Otto Arco Video here:

After retiring from the stage he continued to train and did handbalancing to keep himself fit and flexible. His favorite was something he called the "neck roll," a unique exercise that kept his arms, shoulders, back and especially his neck in marvelous condition. When he was in his mid-60s he often came to Bob Hoffman's birthday shows and when asked if he would give a demonstration he never hesitated. Even at this age he looked super fit and was a hard man to equal in ability or development. 

 Bobby Pandour immigrated to this country with his brother about the same time that Arco did, and promptly fashioned an interesting stage act. Pandour had a terrific physique, and his legs were especially outstanding. He was constantly asked what he did to develop and keep his legs so muscular. The information he gave, although Otto Arco supplied me with the information, was that Pandour rarely ever used the elevator to reach his hotel floor. Instead he would sit his brother on top of his shoulders and then run up the stairs, taking two and three steps at a time. This provided him with all the leg work he needed, while keeping his hips form and muscular, not to mention the cardiovascular system, which also got ample exercise. 

There are many more fine old-timers who served as inspiration to many of our present day barbell men, but it would take volumes to cover than all. But we cannot forget Clevio Massimo, a powerful looking wrestler and strongman with a physique that you would always remember once you had the privilege of viewing it. 

Clevio Massimo, above, center, and below

 From Bookfinder:

 The Mighty Atom, Joe Greenstein, cannot be forgotten either. This mighty mite was a combination of power that made him a giant among his contemporaries. 

The time I first met him was at a marketplace in my hometown where he and another strongman, Sailor Jim White, were giving their spiel. I kept my eyes on both, but of the two, the Atom impressed me more even though Jim White was twice the size of the Atom. How well I remember watching the Atom bend bars, twist horseshoes, and then bite through spikes and chains. I shuddered at this chain biting as I watched in disbelief. It wasn't until after I came to York that I again got the opportunity to talk and discuss many of the strength feats that he and others did. This was during one of his appearances at the famous York Interstate Fair. He knew then that we didn't believe that he could bite those nails and chains. So one year he came to the old barbell club building on Broad Street and offered to bite through any spike we could produce . . . and he truly did! The first spike took longer because, as he said, it takes to first spike to numb his teeth and gums, but after that he can apply even stronger pressure and bite through any steel easier. There was no question about his ability to chew through steel. We saw this at close hand, and it was our own spike, no one doctored or tampered with it. In fact when he was 85 years of age he made a point to come down to the York gym one Saturday to bite through what he said would be the last nail he was going to bite. He did. The bitten nail is still on display in the York Weightlifter's Hall of Fame.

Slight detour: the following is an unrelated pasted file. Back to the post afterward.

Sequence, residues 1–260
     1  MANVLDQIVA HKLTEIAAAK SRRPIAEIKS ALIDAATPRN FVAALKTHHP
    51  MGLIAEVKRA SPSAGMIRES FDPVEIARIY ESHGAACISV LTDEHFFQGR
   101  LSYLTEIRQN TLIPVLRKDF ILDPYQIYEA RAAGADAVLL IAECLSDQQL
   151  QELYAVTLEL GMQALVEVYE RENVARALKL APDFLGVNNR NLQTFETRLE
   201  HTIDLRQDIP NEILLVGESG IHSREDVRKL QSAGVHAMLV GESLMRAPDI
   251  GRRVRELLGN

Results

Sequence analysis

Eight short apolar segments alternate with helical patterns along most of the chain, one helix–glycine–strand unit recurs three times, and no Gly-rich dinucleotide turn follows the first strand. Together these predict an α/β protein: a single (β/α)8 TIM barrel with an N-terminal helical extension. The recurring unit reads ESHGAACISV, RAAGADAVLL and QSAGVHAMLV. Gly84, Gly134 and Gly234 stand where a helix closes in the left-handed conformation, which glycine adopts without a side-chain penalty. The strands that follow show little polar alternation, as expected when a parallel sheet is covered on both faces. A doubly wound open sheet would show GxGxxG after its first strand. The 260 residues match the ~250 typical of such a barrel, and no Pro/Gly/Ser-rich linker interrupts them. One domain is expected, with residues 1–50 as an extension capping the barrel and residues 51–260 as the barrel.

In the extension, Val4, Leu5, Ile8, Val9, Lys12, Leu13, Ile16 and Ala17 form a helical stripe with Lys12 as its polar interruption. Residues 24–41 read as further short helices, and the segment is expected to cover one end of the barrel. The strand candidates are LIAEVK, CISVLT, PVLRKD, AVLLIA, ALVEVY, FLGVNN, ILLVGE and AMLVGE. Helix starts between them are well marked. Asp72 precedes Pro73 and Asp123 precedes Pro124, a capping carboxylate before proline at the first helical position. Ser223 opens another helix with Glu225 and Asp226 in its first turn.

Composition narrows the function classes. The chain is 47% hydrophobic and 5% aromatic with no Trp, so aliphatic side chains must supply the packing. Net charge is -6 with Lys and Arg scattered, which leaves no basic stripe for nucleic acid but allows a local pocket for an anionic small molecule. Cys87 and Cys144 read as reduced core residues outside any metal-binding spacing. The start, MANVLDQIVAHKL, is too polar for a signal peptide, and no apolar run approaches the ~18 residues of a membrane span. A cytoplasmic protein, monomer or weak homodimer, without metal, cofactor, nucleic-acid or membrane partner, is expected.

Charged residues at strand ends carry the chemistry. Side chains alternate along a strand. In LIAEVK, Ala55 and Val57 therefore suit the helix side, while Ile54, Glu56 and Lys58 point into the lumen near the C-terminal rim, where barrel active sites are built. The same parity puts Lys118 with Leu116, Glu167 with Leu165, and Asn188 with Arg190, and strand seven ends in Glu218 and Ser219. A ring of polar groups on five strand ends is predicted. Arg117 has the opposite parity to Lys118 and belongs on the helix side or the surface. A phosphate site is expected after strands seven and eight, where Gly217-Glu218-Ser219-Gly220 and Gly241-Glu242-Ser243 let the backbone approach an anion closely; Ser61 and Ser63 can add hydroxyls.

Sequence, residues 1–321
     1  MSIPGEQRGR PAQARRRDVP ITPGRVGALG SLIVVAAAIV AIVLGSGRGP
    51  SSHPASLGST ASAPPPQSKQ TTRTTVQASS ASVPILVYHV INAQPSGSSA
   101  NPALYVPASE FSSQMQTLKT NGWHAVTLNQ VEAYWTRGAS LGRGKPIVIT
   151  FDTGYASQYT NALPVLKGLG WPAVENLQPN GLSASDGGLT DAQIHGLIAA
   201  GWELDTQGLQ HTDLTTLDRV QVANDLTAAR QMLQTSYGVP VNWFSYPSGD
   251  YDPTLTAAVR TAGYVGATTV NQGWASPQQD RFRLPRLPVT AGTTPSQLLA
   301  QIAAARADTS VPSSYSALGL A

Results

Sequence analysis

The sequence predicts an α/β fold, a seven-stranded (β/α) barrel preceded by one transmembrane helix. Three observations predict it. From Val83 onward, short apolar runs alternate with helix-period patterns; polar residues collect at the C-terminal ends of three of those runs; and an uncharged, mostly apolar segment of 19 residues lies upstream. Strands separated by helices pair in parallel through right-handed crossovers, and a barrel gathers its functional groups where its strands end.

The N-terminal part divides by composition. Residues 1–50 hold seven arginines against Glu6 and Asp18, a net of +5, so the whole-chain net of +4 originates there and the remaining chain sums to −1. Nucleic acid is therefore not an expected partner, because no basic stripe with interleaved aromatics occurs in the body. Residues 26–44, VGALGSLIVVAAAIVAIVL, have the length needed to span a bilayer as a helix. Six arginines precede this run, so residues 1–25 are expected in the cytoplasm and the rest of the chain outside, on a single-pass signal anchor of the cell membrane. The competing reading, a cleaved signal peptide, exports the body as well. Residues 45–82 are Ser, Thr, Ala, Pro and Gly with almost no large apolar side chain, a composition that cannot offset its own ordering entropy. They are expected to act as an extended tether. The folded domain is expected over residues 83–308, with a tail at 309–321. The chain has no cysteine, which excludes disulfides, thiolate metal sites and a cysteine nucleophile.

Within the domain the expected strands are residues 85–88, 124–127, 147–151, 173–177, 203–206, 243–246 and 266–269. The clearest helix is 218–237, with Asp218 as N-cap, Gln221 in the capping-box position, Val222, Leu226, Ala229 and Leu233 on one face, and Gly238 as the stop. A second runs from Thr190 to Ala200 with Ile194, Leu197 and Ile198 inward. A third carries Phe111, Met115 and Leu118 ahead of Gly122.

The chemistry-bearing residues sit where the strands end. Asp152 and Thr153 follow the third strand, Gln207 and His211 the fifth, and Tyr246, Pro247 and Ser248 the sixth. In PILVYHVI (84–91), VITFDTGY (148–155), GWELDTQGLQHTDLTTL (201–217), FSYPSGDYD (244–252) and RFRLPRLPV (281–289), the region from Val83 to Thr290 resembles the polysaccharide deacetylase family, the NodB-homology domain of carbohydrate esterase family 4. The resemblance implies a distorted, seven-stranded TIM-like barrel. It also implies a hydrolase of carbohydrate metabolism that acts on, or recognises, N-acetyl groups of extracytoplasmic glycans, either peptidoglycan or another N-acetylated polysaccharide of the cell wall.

Check out this Mighty Atom Video:
And here, find out about The Mighty Atom documentary now available to view:
This compelling passion project turned documentary from writer-director Steven Greenstein tells the extraordinary life story of his grandfather, famed Strongman Joseph Greenstein, also known as “The Mighty Atom.” Born with tuberculosis and expected not to live past his teens, he went on to become one of greatest and most unlikely Strongmen in history, overcoming insurmountable odds and harnessing the power of his body and mind to achieve the impossible. Available on iTunes, Amazon and Google Play on November 14th.(SDG Films)
Early Photo of Greenstein 
Get This Book!

But this man did a lot of other unusual strength feats. At one time he held back a plane with his teeth, a mouthpiece that fitted into his mouth to which was attached a chain . . . then this chain was attached to the rear of the plane, preventing it from taking off. At another time he pulled several trucks and cars on the streets of New York, attached to his hair! A metal type of comb was entwined in his hair from which a rope emerged and was tied onto the vehicles. He then strained enough to get the vehicles moving, and once they moved they rolled along under his pulling power. For a man his weight and size he had what it takes in abundance, and no one was ever disappointed in any of the strength feats he did or demonstrated. They were genuine. 
Everyone wonders, at this point, what the next 50 or 100 years will bring in the way of records . . . or for that matter, what the next quarter of a century might turn up. But the way records are being broken even the next decade should be astonishing. I only hope that many of us will still be around to see it. In any case, More Power to all the Men of Might and we hope records continue to build up over the next century! 

Clockwise From Top Left:
Anton Matysek, Lurten Cunningham, Abe Boshes, Harry Hall.
Click to ENLARGE